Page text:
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Horton Davies, scholar of religious history, dies at age 89

By Ruth Stevens

Princeton NJ -- Horton Marlais Davies, a distinguished authority on the history of Christianity, died May 11 at his home in Princeton. He was 89.

The Henry W. Putnam Professor of Religion Emeritus, Davies served on the Princeton faculty from 1956 until 1984. He was the author of more than 30 books, including “Worship and Theology in England,” a five-volume work published by Princeton University Press in the 1960s and 1970s.

Photo of: Horton Marlais Davies


Davies, a native of South Wales, earned his bachelor’s and master’s degrees from the University of Edinburgh and his D.Phil. from Oxford University. From 1942 to 1945, he was minister of the Wallington Congregational Church in South London, an area known as “bomb alley” for the heavy pounding it received from German rockets. In 1945-46, he was director of education for the British YMCA with the British Army of the Rhine, supervising 55 recreational and study centers in Germany, Belgium, France and the Netherlands.

Davies joined the faculty at Rhodes University in Grahamstown, South Africa, in 1947, and served as dean of the faculty of divinity there from 1951 to 1953. He earned his doctor of divinity degree from the University of South Africa in 1951. He returned to Oxford in 1953 as head of the Department of Church History at the university’s Mansfield College.

Davies came to Princeton to help inaugurate a broad new program of graduate study in religion that had been established in 1955. “His teaching interests ranged widely through arts and literature while his scholarship centered in the history of worship and religious practice,” said John Wilson, the Agate Brown and George Collord Professor of Religion Emeritus. “Generations of undergraduates and graduate students, as well as his colleagues, treasured his insights and his wit.”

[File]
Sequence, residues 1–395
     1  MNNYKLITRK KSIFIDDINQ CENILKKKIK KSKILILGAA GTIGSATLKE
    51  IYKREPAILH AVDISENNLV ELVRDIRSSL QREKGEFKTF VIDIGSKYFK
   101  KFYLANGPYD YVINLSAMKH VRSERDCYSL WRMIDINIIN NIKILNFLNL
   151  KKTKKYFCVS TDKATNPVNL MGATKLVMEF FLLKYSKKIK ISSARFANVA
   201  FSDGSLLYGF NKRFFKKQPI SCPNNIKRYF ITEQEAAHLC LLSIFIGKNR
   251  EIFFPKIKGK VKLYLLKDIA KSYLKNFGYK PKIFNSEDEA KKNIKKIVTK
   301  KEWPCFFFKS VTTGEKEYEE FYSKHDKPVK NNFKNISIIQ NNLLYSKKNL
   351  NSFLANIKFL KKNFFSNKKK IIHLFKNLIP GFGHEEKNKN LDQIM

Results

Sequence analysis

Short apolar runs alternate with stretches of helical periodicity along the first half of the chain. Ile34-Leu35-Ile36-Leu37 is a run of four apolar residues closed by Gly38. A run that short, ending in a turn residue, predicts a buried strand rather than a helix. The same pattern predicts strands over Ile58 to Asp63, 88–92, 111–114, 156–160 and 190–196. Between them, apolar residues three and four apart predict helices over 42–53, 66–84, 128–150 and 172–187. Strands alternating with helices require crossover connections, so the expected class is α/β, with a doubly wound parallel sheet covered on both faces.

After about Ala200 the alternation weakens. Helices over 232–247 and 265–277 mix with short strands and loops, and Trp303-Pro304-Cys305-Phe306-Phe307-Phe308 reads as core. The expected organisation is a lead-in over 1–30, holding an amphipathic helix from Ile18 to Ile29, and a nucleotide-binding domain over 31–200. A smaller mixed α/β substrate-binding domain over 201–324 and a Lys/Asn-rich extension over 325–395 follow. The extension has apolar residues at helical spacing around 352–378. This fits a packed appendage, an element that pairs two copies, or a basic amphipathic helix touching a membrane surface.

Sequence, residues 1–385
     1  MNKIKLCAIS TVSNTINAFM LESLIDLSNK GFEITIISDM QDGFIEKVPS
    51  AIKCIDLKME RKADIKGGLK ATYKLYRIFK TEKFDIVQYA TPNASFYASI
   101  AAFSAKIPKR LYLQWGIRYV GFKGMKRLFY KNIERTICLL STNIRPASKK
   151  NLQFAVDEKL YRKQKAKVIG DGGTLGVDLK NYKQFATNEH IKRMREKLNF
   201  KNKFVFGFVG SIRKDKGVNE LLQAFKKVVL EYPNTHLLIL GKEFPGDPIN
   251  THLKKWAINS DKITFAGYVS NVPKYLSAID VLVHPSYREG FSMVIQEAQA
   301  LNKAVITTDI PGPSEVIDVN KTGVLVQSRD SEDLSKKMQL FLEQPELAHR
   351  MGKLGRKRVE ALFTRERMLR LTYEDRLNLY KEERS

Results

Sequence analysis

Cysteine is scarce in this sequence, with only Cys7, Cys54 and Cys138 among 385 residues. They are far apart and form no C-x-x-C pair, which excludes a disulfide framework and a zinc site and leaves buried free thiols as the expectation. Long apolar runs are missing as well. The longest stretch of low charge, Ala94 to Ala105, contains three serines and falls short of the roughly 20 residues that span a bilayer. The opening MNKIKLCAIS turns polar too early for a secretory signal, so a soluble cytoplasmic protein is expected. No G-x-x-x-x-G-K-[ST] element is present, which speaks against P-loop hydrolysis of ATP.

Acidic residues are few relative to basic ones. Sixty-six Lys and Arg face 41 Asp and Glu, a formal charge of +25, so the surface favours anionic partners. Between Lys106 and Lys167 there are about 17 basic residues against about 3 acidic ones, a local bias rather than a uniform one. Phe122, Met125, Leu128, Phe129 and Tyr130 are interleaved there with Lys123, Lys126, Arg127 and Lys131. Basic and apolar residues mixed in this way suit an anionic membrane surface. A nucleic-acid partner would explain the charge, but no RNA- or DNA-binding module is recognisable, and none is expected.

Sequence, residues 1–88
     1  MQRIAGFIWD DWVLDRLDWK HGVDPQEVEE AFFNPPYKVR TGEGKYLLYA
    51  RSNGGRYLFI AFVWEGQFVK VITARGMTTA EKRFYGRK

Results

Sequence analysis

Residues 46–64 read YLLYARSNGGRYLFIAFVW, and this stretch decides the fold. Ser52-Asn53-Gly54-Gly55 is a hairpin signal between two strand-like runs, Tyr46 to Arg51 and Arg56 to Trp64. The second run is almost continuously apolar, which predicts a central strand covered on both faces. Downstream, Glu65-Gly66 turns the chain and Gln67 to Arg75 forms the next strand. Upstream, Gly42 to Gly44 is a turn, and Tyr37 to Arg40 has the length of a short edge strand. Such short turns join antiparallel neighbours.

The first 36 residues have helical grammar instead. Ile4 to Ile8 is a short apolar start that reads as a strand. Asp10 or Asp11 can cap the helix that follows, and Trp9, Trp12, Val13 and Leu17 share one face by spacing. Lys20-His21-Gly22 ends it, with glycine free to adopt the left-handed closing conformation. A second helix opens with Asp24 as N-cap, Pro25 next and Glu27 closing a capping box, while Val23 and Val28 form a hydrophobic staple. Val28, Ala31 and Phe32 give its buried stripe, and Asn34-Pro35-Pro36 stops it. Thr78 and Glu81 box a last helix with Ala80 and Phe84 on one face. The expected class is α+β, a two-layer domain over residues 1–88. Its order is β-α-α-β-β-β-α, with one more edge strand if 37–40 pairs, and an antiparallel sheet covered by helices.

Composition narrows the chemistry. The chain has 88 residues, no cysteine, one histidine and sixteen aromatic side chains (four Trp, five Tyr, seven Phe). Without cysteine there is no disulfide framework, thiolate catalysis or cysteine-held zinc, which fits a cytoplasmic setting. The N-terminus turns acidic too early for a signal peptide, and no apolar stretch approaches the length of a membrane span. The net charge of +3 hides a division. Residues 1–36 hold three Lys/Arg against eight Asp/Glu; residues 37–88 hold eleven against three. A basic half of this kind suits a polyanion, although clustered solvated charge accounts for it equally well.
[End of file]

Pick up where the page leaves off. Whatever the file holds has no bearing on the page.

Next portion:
Guggenheim Memorial Foundation Fellowships in 1960 and 1965 and a Huntington Library Award in 1968 enabled Davies to further his writing of “Worship and Theology in England.” He received a doctor of letters in 1970 from Oxford based on the first three volumes of the work, which traced the history of Protestant and Catholic theology, worship and religious art and music from the Reformation to modern times. A sixth volume was later added to the set, which was re-edited by Eerdmans Publishing into a three-volume paperback in 1996.

His other books include “Christian Deviations,” which was published in the United States as “The Battle of the Sects,” “Mirror of the Ministry in Modern Novels” and “Like Angels From a Cloud: The English Metaphysical Preachers, 1588-1645.” In 1993, his autobiography, “A Church Historian’s Odyssey: A Memoir,” was published. He also co-wrote “Sacred Art in a Secular Century” with his son Hugh Davies, who earned his A.B., M.F.A. and Ph.D. degrees in art and archaeology from Princeton and is now director of the Museum of Contemporary Art San Diego in California.

“My father loved Princeton deeply as it was both his home and his profession for 50 years,” Hugh Davies said. “He was enormously proud of the University’s high standards and of the caliber of the faculty and students. I would often tease him by saying he must be jealous that he wasn’t an alum himself, and he would just smile.”

In addition to teaching at the University, Davies also led a course every year or so at Princeton Theological Seminary. In 1978, he was one of seven faculty members from New Jersey colleges and universities to help launch a cooperative ecumenical graduate program in liturgical studies at Drew University. He was the recipient of honorary degrees from several institutions.

After retiring from the Princeton faculty, Davies conducted research at the CTI Centre for Textual Studies at Oxford. He also pursued his interest in art by painting floral still lifes, church interiors and exteriors, biblical scenes and landscapes. His paintings and drawings were exhibited in regional galleries.

Davies is survived by his wife, Marie-Helene Davies of Princeton; a daughter, Christine Pisani of Tarrytown, N.Y.; two sons, Hugh Davies of La Jolla, Calif., and Philip Davies of Gloucester, Mass.; five grandchildren; and his first wife, Brenda Davies of Newtown, Pa.

A memorial service was held May 19 at Trinity Church in Princeton. The University’s Department of Religion also is planning a service for the fall.

Memorial donations may be made to Trinity Church for its Crisis Ministry or to Habitat for Humanity.